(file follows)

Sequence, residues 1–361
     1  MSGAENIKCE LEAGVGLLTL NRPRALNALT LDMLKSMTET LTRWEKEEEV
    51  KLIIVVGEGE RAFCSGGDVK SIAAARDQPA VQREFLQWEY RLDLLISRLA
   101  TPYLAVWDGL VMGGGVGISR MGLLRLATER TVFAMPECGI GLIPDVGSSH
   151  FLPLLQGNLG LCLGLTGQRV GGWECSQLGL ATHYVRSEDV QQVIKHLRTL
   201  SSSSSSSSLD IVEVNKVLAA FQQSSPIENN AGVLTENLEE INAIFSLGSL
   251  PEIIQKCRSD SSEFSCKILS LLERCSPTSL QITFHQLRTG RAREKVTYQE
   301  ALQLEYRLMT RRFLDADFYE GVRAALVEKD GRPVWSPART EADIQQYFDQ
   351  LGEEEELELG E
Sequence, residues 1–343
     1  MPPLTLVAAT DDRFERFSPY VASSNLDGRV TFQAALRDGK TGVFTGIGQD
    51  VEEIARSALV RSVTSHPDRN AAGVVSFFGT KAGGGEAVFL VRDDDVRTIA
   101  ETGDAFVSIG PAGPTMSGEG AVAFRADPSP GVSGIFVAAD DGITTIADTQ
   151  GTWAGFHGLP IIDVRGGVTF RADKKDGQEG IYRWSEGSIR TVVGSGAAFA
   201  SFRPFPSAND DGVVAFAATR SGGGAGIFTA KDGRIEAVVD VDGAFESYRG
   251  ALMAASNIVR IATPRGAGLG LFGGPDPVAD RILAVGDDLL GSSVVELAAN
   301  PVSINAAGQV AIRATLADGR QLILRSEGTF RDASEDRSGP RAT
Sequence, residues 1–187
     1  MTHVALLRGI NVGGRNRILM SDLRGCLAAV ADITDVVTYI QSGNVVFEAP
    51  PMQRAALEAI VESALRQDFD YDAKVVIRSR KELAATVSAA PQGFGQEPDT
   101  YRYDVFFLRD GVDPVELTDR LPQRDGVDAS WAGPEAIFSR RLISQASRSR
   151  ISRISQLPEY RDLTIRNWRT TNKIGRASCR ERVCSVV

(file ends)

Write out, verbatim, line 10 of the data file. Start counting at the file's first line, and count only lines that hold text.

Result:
Sequence, residues 1–343